Obama in 2008: Being President Means ‘Vacations, Leisure is Gone’

Curtis Kalin
By Curtis Kalin | August 11, 2014 | 3:07 PM EDT

In a 2008 interview for his second autobiography, Barack Obama contended that being President required someone to abandon the “need for sleep, family life, vacations, leisure.”

Obama defined running for and becoming President of the United States as a “bargain” that one makes with the American people:

“You give me this office and in turn my, fears, doubts, insecurities, foibles, need for sleep, family life, vacations, leisure is gone. I am giving my self to you."

Obama further opined that “the American people should have no patience for whatever’s going through your head cause you have a job to do.”

This description of presidential sacrifice is in sharp contrast to President Obama’s actual schedule once he assumed the office. In 2013, Obama played his 150th round of golf since becoming president. Since his reelection, he’s played 81 rounds. A golf outing this year even cost taxpayers upwards of $3 million.

Just last week, Obama interrupted the longest summer vacation he’s taken as president to order American military action in Iraq against ISIS terrorist fighters. He remains in Martha's Vineyard, even now, as bombs continue to fall from American F-18s.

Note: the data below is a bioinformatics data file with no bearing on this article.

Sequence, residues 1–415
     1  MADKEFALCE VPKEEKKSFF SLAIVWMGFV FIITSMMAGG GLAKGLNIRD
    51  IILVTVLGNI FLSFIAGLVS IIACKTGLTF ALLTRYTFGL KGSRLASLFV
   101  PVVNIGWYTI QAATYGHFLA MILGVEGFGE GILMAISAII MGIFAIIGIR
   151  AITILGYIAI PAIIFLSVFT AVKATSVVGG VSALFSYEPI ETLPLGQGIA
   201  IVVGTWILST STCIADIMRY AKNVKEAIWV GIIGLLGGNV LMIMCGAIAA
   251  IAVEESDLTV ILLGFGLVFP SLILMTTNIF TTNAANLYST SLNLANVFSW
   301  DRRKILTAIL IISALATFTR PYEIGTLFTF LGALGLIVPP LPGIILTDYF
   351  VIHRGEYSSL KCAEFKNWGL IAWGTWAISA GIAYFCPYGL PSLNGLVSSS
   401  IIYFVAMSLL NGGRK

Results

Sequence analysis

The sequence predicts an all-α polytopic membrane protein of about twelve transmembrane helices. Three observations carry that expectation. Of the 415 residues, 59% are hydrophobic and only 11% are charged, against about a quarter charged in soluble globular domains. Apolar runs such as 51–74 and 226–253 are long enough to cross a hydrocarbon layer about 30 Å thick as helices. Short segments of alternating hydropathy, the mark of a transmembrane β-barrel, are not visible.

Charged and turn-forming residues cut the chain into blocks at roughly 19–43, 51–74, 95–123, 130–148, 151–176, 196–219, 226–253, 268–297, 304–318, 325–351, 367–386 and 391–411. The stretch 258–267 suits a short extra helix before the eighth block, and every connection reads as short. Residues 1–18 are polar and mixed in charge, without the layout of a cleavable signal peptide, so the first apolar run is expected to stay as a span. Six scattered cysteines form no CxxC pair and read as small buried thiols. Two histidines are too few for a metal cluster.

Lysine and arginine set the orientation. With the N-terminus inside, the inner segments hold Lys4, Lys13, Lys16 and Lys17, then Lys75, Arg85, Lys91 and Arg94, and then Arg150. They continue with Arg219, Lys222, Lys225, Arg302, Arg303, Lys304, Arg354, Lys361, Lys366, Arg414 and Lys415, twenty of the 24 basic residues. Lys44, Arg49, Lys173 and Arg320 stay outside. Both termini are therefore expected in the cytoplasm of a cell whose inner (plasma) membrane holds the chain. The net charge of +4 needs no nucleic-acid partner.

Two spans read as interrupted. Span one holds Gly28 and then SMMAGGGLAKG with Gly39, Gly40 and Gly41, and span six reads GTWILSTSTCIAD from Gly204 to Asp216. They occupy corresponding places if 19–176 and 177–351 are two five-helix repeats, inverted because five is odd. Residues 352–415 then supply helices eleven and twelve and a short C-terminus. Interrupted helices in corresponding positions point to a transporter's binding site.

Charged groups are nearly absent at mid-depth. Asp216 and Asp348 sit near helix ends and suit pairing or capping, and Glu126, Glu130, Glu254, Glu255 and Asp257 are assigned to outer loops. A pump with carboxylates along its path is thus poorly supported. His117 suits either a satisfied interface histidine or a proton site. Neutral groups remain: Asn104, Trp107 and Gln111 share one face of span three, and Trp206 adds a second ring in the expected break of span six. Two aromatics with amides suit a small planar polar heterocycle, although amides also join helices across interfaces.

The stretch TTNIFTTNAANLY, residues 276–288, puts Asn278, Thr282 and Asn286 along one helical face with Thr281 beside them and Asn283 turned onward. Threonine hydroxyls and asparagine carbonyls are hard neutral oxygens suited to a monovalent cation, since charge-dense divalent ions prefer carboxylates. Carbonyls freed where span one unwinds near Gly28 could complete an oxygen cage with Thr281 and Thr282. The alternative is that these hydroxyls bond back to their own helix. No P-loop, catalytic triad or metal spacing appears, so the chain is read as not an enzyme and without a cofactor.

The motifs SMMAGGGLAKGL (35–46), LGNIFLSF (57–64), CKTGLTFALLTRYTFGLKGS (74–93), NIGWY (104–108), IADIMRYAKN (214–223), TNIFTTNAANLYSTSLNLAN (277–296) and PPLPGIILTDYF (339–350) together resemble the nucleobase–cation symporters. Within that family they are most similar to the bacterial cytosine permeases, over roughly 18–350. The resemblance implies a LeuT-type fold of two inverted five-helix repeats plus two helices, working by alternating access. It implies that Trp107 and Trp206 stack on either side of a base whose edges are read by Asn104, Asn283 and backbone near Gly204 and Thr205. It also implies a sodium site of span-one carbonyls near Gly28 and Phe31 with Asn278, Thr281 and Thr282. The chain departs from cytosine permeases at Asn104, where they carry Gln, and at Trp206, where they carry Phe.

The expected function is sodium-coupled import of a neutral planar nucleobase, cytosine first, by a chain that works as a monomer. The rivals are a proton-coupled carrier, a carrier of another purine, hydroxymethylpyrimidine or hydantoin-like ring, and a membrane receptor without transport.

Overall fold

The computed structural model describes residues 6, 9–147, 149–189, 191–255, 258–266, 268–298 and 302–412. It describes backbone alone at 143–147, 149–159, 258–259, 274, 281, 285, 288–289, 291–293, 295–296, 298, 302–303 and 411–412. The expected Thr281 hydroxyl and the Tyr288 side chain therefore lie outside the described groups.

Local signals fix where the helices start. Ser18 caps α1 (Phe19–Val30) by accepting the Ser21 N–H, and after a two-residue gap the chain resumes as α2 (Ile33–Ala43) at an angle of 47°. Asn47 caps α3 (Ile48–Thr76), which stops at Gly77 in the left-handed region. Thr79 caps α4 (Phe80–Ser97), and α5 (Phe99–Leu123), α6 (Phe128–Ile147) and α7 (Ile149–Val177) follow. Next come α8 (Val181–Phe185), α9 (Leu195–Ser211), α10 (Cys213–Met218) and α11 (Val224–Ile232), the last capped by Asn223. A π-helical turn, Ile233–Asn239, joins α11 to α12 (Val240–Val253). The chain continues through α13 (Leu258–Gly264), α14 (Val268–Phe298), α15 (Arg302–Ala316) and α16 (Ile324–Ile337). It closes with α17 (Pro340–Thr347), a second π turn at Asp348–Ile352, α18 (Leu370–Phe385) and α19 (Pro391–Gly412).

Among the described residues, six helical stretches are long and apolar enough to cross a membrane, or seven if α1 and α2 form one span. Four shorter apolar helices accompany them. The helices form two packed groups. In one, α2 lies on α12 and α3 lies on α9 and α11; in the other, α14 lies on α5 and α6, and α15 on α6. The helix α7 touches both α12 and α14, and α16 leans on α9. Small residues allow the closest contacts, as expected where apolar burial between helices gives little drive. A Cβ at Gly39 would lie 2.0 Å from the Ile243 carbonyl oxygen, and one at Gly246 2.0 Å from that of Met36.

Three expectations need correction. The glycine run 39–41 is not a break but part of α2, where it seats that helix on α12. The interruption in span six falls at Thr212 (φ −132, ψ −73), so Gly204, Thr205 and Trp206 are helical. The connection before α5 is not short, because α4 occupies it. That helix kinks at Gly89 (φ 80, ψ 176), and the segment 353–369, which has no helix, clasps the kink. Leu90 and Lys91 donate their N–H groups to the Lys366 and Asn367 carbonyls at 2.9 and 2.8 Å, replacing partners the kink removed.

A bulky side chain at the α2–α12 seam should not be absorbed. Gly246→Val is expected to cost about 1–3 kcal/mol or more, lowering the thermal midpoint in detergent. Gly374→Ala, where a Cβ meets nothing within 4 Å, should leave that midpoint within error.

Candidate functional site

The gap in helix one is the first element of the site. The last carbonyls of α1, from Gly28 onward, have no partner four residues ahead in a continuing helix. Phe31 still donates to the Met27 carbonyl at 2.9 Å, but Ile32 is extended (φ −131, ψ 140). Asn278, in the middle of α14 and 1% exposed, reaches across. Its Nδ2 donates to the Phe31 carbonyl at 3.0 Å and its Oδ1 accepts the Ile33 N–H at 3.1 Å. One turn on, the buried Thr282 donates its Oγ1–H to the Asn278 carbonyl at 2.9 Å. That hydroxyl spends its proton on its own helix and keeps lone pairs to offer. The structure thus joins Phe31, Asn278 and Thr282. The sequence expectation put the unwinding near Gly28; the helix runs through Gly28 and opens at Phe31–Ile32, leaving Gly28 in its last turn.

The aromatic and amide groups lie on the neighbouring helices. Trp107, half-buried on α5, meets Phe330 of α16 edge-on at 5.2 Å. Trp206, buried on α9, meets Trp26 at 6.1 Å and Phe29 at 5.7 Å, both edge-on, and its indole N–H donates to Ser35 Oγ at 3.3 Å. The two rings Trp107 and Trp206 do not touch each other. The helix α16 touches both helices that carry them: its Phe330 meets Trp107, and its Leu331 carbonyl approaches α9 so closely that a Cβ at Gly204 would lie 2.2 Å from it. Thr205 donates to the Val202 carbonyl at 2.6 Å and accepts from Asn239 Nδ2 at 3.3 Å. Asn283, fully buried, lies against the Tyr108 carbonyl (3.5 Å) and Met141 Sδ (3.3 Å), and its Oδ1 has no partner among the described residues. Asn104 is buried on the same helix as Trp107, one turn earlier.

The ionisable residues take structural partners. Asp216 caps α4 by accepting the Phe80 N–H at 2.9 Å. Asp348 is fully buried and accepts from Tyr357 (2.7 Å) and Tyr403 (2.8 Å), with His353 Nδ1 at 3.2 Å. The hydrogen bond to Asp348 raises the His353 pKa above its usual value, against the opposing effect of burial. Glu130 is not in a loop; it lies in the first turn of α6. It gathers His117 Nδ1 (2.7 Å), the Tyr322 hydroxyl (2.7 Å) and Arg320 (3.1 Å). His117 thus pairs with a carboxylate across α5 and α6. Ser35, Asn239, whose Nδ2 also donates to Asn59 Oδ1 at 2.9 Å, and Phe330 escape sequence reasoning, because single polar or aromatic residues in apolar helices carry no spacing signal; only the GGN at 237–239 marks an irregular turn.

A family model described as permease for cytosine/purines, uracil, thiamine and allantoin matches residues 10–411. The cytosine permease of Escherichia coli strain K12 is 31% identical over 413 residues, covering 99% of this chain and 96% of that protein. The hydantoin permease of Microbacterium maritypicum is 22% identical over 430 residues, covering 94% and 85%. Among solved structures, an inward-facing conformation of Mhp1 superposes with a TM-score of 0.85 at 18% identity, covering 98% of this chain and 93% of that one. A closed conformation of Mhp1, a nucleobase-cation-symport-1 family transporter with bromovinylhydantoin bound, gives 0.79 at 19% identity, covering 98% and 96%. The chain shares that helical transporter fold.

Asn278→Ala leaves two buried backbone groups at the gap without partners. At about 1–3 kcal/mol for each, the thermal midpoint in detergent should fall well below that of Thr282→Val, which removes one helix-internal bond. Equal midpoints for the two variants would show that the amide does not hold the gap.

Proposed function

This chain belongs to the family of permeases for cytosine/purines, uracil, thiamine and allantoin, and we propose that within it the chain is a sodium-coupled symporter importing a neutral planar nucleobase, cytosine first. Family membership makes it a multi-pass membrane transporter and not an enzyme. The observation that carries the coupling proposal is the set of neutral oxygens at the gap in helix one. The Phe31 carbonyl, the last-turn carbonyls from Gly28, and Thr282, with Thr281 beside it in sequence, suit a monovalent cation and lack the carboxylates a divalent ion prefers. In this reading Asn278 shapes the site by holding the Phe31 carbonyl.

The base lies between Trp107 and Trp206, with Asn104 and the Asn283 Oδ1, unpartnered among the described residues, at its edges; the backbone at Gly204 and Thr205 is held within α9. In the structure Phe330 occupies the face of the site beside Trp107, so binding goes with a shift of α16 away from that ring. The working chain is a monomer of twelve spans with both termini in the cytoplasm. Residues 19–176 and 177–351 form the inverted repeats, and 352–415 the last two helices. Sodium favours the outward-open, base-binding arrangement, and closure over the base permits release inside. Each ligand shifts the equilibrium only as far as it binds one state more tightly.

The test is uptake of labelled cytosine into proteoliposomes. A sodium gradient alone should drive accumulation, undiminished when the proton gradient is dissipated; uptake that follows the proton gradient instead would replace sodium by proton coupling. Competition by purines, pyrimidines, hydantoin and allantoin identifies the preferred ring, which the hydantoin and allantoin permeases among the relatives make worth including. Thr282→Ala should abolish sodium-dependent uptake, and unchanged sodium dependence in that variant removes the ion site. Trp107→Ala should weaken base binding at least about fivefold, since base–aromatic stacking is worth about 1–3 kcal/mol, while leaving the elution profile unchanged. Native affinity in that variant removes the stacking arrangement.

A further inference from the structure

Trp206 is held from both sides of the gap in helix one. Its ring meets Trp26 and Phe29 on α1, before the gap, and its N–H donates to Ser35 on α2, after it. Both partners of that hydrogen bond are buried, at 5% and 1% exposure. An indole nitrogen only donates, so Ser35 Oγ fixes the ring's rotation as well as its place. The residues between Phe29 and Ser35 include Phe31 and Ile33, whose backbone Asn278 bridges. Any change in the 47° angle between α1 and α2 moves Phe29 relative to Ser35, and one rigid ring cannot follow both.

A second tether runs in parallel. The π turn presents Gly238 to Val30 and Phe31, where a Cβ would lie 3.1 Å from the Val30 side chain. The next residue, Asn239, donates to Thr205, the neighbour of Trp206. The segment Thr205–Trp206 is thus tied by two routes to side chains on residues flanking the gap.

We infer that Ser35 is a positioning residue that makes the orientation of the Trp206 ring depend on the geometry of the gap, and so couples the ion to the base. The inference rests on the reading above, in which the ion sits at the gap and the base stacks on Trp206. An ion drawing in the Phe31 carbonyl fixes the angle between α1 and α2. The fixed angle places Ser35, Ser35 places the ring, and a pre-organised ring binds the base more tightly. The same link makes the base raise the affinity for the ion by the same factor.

It's doubtful Americans begrudge the president for taking some time off, but the record breaking totality of the vacations and golf outings set against a backdrop of international crises and American military action can come off as detached or worse. Even more disheartening is the White House communications staff being “entirely unconcerned” about the wretched PR.

And even after spending an inordinate amount of time on his golf game, the leader of the free world is still unable to sink a three-foot putt. Let the ironies and analogies commence.